| Andreas Werckmeister|| Music composer|
| October 26, 1706, Halberstadt, Germany|
Werckmeister's Erweiterte und verbesserte Orgel-Probe in English
Lars Rudolph, Mihaly Vig, Johann Philipp Kirnberger, Johann Mattheson, Gioseffo Zarlino
Andreas Werckmeister Wikipedia
Andreas Werckmeister (November 30, 1645 – October 26, 1706) was a German organist, music theorist, and composer of the Baroque era.
Born in Benneckenstein, Werckmeister attended schools in Nordhausen and Quedlinburg. He received his musical training from his uncles Heinrich Christian Werckmeister and Heinrich Victor Werckmeister. In 1664 he became an organist in Hasselfelde; ten years later in Elbingerode; and in 1696 of the Martinskirche in Halberstadt.
Of his compositions only a booklet remains: pieces for violin with basso continuo, with the title Musikalische Privatlust (1689).
Werckmeister is best known today as a theorist, in particular through his writings Musicae mathematicae hodegus curiosus... (1687) and Musikalische Temperatur (1691), in which he described a system of what we would now refer to as well temperament (named after Bach's opus, "The Well-Tempered Clavier") now known as Werckmeister temperament.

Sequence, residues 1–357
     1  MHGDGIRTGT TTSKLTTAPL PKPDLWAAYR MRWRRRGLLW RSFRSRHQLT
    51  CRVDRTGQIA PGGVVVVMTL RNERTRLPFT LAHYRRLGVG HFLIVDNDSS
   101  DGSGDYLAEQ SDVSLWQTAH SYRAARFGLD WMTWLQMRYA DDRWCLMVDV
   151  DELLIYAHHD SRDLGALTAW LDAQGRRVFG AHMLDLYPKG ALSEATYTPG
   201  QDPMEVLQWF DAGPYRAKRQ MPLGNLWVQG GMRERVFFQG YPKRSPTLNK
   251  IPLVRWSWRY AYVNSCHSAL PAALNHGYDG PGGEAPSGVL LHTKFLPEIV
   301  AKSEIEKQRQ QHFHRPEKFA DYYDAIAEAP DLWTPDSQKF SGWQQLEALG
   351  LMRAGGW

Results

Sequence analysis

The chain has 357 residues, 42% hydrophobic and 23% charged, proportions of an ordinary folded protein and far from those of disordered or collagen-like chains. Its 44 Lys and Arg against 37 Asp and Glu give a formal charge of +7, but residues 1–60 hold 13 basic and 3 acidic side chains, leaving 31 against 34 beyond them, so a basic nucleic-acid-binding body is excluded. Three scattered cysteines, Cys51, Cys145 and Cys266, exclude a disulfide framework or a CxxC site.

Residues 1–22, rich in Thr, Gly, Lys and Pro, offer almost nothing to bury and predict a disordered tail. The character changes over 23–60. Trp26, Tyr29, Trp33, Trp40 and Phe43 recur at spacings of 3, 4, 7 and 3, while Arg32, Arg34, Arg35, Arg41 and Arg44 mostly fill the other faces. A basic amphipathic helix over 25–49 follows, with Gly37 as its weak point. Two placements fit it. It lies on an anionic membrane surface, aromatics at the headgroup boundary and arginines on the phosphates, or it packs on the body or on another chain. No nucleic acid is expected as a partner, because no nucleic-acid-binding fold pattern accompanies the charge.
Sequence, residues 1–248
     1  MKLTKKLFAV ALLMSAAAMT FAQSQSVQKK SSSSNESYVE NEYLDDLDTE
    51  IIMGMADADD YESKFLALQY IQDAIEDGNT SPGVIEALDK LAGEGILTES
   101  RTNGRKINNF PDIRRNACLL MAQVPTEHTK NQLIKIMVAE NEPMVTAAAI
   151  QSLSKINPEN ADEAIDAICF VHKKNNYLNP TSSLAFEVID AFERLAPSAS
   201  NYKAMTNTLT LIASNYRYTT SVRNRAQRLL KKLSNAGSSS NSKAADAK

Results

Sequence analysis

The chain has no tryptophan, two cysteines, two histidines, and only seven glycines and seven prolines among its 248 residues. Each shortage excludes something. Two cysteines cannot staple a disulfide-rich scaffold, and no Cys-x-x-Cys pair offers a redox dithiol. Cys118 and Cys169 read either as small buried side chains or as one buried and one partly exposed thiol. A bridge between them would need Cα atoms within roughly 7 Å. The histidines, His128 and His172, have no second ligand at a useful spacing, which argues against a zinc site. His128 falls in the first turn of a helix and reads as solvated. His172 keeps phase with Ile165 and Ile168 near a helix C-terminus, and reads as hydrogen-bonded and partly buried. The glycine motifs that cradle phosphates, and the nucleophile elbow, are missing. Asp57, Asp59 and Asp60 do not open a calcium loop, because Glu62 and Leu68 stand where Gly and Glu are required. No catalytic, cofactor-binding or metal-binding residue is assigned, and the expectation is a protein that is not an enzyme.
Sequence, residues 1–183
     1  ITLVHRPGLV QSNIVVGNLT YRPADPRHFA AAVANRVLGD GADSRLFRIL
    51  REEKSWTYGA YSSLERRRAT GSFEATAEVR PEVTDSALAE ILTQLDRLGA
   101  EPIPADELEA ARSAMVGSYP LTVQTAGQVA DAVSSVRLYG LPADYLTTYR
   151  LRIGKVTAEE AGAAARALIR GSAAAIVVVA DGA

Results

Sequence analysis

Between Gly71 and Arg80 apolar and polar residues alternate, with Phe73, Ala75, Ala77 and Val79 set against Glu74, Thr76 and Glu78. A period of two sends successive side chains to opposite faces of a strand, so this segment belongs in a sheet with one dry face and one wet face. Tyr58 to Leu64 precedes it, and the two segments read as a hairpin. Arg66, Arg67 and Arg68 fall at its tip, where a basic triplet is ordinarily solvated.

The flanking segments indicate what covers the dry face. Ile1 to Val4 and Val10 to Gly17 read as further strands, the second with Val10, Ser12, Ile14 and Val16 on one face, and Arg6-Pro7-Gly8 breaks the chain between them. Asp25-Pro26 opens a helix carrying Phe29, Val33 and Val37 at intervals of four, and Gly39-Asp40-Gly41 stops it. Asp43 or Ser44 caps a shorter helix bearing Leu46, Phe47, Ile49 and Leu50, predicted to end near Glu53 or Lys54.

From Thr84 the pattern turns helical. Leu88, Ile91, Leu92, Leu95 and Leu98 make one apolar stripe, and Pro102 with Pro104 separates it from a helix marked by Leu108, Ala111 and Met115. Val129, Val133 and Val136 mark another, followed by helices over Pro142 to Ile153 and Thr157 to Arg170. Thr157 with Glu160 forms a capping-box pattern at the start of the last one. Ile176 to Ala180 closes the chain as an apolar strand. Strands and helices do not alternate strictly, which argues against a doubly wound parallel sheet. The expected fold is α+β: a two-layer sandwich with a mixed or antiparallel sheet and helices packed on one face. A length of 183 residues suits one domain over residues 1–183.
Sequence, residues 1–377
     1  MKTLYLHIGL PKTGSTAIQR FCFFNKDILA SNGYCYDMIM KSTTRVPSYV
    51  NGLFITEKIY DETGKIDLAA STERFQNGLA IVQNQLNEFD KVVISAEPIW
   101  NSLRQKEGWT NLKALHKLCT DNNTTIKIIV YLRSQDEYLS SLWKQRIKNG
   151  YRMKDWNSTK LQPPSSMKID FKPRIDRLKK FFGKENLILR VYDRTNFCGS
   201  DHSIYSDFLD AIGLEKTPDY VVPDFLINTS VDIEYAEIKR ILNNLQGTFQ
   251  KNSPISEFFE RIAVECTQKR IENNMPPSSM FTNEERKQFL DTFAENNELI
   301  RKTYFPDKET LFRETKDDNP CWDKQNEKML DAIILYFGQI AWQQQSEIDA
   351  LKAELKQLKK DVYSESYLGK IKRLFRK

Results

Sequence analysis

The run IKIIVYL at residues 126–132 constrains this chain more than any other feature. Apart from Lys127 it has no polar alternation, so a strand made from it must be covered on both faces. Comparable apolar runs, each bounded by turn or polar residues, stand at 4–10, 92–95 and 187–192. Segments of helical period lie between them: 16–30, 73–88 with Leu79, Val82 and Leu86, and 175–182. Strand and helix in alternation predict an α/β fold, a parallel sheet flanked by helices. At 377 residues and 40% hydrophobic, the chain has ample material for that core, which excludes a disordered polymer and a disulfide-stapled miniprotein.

Werckmeister's writings were well known to Johann Sebastian Bach, in particular his writings on counterpoint. Werckmeister believed that well-crafted counterpoint, in particular invertible counterpoint , was tied to the orderly movements of the planets, reminiscent of Kepler's view in Harmonice Mundi. According to George Buelow, "No other writer of the period regarded music so unequivocally as the end result of God’s work,"  a view harmonious with that of Bach. Yet in spite of his focus on counterpoint, Werckmeister's work emphasized underlying harmonic principles.Musicae mathematicae hodegus curiosus... (1687)
Musikalische Temperatur, oder... (1691)
Der Edlen Music-Kunst... (1691)
Hypomnemata musica (1697)
Erweierte und verbesserte Orgel-Probe (1698)
Die nothwendigsten Anmerckungen und Reglen, wie der Bassus continuus... (1698)
Cribrum musicum (1700)
Harmonologia musica (1702)
Musikalische Paradoxal-Discourse (1707)